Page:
The inscription over the main entrance tells us that the installation, Castra Praetorium Mobene by name, was built during the reign of the emperor Diocletian and his colleagues between 293 and 305, under the governor of the province of Arabia. As well as providing unequivocal evidence for when the fort was founded, this helps us to date the whole framework of defence in this section of the eastern frontier. In particular, it reveals that the security arrangements were overhauled after the empire had weathered 50 years of turmoil, which included invasion, civil war, and violent political instability. Eventually, in 284, a soldier by the name of Diocles seized the empire, changed his name to Diocletian, and began a renewal that ushered in a new phase in the long history of the Roman Empire. Today we call this era ‘the late Roman Empire’.
Diocletian’s measures included strengthening the eastern defences of the empire against its neighbour, the kingdom of Persia, which was now in the hands of a new dynasty of strong rulers known as the Sassanids. Possibly the emperor also had in mind the task of defending his people against a different enemy, the Saracens, who undertook hit-and-run raids against the Romans. In order to achieve this, a line of new forts – including Qasr Bshir – was built along the frontier. The northerly forts on this line were linked by a road, the strata Diocletiana, although it did not extend as far south as Qasr Bshir. Even so, this answers the question of what the fort was doing. Rather than standing as a lone sentinel in a vast wilderness, it formed a crucial link in a chain of posts.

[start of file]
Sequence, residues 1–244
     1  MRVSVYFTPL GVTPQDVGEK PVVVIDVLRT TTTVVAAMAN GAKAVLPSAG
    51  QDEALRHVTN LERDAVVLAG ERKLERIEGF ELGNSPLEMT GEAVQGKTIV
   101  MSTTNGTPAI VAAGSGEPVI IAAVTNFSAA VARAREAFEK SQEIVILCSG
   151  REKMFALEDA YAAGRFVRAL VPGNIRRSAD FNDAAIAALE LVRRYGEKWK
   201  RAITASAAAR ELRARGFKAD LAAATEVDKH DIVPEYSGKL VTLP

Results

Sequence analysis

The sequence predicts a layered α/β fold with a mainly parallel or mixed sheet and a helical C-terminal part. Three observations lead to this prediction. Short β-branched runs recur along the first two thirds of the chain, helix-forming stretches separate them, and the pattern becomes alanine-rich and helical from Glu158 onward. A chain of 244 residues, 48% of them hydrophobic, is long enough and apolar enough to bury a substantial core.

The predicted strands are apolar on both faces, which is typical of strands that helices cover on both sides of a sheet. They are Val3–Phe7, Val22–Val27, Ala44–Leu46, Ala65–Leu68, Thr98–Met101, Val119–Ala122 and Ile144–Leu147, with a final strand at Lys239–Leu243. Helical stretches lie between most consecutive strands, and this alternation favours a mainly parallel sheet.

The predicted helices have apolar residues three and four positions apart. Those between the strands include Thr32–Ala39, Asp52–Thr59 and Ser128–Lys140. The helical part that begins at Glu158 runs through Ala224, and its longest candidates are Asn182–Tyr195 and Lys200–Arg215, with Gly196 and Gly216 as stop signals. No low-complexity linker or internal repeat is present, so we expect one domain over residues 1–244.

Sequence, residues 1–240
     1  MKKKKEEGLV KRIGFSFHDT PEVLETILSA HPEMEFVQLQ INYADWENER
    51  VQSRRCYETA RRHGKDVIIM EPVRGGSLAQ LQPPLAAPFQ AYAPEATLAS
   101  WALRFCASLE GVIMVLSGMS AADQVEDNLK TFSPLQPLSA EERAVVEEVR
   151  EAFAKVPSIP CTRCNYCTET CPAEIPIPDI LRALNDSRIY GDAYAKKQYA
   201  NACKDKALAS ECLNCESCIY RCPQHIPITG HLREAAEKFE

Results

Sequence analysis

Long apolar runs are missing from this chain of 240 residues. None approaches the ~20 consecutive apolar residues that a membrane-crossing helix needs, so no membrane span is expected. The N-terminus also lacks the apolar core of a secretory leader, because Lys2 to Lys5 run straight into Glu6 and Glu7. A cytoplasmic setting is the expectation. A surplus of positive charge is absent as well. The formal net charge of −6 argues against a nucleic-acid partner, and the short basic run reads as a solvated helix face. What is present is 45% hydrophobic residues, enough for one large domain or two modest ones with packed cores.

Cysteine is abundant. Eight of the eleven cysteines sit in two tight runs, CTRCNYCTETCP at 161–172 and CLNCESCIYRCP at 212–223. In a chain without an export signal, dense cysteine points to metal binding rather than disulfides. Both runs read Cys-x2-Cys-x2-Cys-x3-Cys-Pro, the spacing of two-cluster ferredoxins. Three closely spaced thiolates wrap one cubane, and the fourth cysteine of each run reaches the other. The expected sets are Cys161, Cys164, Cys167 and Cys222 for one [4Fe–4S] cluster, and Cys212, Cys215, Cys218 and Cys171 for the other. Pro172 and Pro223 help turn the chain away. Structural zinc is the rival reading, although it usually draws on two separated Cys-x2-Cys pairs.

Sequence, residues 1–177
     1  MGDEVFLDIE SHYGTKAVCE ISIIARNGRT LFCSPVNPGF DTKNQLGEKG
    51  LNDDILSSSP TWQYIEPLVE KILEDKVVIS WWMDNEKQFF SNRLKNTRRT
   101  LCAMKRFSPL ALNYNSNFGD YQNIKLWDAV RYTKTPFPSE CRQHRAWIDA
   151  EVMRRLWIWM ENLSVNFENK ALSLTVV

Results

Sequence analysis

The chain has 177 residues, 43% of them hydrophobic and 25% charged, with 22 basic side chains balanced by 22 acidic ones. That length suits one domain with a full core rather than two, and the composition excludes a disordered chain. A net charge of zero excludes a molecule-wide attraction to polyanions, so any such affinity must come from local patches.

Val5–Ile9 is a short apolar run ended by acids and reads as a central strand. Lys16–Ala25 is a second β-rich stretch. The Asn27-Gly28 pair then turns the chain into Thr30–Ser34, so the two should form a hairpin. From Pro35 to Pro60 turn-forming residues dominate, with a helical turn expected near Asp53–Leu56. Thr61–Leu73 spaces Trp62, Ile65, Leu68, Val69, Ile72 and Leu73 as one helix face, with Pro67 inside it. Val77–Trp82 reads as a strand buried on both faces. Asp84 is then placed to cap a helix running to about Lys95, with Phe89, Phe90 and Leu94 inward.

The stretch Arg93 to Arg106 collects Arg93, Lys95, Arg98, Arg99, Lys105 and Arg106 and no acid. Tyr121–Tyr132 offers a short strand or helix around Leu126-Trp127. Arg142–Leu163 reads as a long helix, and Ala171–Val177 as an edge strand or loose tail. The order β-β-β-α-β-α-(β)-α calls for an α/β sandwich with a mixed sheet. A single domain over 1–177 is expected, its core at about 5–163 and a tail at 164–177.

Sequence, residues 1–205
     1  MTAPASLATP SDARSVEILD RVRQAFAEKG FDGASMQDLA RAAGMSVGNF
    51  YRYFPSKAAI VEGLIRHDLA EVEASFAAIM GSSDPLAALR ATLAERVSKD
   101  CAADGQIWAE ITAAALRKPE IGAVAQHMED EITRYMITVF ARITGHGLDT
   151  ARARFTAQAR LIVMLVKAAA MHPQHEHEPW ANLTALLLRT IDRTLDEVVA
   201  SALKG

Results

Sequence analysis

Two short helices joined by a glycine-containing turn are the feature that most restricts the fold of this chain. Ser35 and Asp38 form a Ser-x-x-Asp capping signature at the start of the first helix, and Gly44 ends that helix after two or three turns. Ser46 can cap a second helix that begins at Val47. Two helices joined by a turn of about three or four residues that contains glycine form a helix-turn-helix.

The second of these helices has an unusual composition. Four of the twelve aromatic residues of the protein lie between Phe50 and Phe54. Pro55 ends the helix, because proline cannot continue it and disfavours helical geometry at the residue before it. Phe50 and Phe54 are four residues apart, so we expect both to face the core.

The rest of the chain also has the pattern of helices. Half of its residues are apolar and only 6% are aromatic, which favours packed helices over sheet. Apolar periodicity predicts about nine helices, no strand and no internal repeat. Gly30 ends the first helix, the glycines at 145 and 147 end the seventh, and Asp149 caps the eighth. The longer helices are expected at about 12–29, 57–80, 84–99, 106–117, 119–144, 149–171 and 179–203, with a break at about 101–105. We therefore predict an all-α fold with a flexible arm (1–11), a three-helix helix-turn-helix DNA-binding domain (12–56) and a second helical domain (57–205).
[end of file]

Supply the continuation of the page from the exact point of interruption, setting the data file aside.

The location of the fort was well chosen, as it had good visibility in all directions except towards the south. Indeed, the Romans were probably not the first to appreciate the potential of the setting. Instead, the fort appears to sit on the site of an earlier Nabataean tower. Even so, the position was not without its constraints. In a desert, water is always a problem, especially as there was no oasis near the fort. To make up for this, a reservoir where rainfall could be collected was created about 600m away, while two cisterns lay within the fort courtyard. And there was rain at Qasr Bshir. The line of forts constructed by Diocletian’s officers lay on the 200mm isohyet: the point at which agriculture remained possible because of sufficient precipitation. Sure enough, there is evidence for farming in the area during antiquity, when rainfall in the region was higher and more evenly distributed than nowadays.
Harvested water was essential for animals as well as humans and, as we have seen, the internal arrangements of the fort indicate that it contained horses. Some might suspect that camels would be a better bet – and the Roman army did have camel-riders – but the surrounding terrain is good for horses. They would not be struggling over a soft, sandy expanse of desert, as the ground in the region has a hard, stony surface. This, then, provides a sense of what the garrison was doing. Founding Qasr Bshir was not just about creating a military strongpoint in the landscape, it also established a base for cavalry patrols monitoring activity over a much wider area.
The final question – where did the supplies come from – is not so easy to answer, except to note that the Roman army was very efficient at supplying even its most-outlying installations. We can be certain that the military rose to the logistical challenges posed by Qasr Bshir with its customary aplomb, as the fort remained in occupation for at least 100 years. Indeed, it was later occupied by the army of the Arab Umayyad Caliphate.
This is an extract of an article that appeared in CWA 118. Read on in the magazine (Click here to subscribe) or on our new website, The Past, which offers all of the magazine’s content digitally. At The Past you will be able to read each article in full as well as the content of our other magazines, Current Archaeology, Minerva, and Military History Matters.